The core purpose of copyright
law is not difficult to find; it is
stated expressly in the
Article I, section 8, clause 8 of
the United States Constitution
provides that Congress shall
have the power: "to promote the
Progress of Science and useful
Arts, by securing for limited
times to Authors and Inventors
the exclusive Right to their
respective Writings and
Copyright’s for the people,
Copyright’s to promote creativity,
Balancing rights of users
And owners of intellectual
It’s the right of the
owners to control!
Copyright’s for the
Copyright’s to promote
And owners of
GI Copyright gives the creators sole rights:
For public performance, &
For public displays of their work.
Copyright also promotes creativity!
It does this with the addition of The Copyright Act.
The Copyright Act provides that certain kinds of uses
of copyrighted works, called FAIR USES, are
not an infringement of copyright, despite the fact that
their use may involve copying, adapting, performing,
displaying the copyrighted work.
FAIR USE IS HERE!
Fair use explicitly allows use of
copyrighted material for educational purposes
Fair use is not a blank check to use
anything you like because you are a teacher.
There are four factors to consider when
deducing if use of copyrighted material is a
fair use and thus not an infringement.
Four factors when using FAIR USE:
1. THE PURPOSE AND CHARACTER OF THE USE.
This is the TRANSFORMATIVE FACTOR.
Did you copy the work verbatim or did you transform it and
add new expressions, or create new insight?
2. THE NATURE OF THE WORK.
Is the work factual, nonfiction? If so it is more favorable for Fair Use.
Creative work needs to be closely looked at .
3. THE PROPORTION OF MATERIAL USED.
Less is better! There are no real numerical or percentage limits that are
governed by law. Charts can provide a false sense of security, they are just
suggestions. Important rule of thumb, try not to use the most memorable parts.
4. THE EFFECT OF THE USE ON MARKET VALUE.
Are you depriving the copyright owner of income? Will there be a reduction of in sales
due to copying or redistribution.
HERE’S A QUICK CHART:
USE THIS CHART TO CHECK FOR FAIR USE OR FOR PERMISSION.
REMEMBER A GOOD RULE OF THUMB, IF ONE BOX IS CHECKED IN THE
ASKING PERMISSION ROW, THEN ITS BETTER TO BE SAFE THAN SORRY.
HERE ARE A FEW MORE THINGS AS
EDUCATORS, WE SHOULD KNOW:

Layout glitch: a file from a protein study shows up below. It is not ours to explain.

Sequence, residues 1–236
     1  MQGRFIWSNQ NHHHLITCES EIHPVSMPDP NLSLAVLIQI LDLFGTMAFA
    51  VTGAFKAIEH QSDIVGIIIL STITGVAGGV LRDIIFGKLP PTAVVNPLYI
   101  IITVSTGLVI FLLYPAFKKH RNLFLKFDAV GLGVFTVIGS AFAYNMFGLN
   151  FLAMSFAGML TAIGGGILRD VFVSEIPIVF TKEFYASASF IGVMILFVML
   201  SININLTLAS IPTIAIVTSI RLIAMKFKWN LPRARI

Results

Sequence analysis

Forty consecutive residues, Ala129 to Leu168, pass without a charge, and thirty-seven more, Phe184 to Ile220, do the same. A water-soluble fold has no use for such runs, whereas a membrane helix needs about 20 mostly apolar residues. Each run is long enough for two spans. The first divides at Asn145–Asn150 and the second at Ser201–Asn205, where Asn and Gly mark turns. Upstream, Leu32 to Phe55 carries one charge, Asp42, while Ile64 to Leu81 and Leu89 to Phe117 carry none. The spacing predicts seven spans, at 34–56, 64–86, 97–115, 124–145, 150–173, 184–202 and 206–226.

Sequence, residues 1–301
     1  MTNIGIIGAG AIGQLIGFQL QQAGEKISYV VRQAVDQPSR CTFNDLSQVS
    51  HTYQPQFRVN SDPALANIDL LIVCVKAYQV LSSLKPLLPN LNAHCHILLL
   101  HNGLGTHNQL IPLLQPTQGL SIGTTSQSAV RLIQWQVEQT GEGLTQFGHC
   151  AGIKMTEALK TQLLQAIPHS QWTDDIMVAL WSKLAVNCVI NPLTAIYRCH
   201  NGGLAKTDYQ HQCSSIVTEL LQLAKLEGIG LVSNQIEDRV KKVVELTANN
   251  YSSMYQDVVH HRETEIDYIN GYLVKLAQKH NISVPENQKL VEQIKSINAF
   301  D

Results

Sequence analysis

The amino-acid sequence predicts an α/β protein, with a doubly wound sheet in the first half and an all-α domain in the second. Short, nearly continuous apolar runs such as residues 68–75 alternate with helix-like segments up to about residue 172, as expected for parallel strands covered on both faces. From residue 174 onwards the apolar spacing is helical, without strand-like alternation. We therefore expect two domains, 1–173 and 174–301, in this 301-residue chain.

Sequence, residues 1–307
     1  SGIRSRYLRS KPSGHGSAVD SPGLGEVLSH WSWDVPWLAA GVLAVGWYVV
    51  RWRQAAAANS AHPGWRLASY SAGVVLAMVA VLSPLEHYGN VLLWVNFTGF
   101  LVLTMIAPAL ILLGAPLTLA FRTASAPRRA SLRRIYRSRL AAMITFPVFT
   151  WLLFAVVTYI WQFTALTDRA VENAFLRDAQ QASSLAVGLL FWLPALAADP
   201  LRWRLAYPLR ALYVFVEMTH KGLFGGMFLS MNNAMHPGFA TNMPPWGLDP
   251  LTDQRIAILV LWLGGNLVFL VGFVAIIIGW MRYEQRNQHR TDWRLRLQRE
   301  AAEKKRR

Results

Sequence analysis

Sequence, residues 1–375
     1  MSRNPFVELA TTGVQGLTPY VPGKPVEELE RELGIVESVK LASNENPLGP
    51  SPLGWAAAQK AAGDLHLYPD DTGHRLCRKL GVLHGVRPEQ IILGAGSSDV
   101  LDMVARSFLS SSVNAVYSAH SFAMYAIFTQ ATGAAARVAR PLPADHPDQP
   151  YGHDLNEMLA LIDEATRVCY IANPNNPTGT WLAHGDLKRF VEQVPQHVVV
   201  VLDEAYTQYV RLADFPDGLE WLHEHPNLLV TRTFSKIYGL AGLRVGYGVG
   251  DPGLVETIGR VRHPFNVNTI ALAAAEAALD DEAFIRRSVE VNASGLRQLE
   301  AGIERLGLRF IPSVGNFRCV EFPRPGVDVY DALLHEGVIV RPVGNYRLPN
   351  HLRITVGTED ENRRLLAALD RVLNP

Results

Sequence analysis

• We must understand the basics of copyright.
• We have a responsibility to model compliance to copyright.
• We should always ask for permission to use works that are likely not
• Asking for permission to use is always a good option.
• We must insure that students use information for projects in an ethical
• Citing a work is not the same as having permission to use the work.
• Copying a work and changing a few words is not fair use.
• Movies shown as a reward do not qualify as fair use.
• Rampant duplication of materials instead of purchasing instructional
materials is not fair use (effect on the market).
LET’S TEST OUR
1) The Gaming Club at your high school wants
to throw a fundraiser and show a marathon of
Naruto cartoons on the big screen, What do
2) A teacher or student prepares and gives a
presentation that displays photographs.
Permission was not obtained to use the
photographs. Can they do this legally?
3) A student creates a prezi for a class
presentation. There is a copyrighted popular
song playing in the background of the prezi.
Is this okay?
WERE YOU RIGHT?
1) No, because it infringes the copyright
owner's right to market the work.
2) Yes, thank you fair use. Copyrighted
photographs may be used for instruction.
3) Yes, thank you fair use. Copyrighted music
may be used for instruction.
The Code of Best Practices in Fair Use for Media Literacy Education. (2013). Retrieved June 30, 2013, from Center for
Social Media website: http://www.centerforsocialmedia.org/fair-use/related-materials/codes/code-best-practices-fair-
Copyright Basics. (2013). Retrieved June 30, 2013, from BYU Copyright Liscensing Office website:
Copyright Basics: Introduction. (2008). Retrieved June 30, 2013, from The campus guide to copyright compliance website:
Understanding copyright. (2012). Retrieved from University of Rhode Island Harrington School Media Lab website: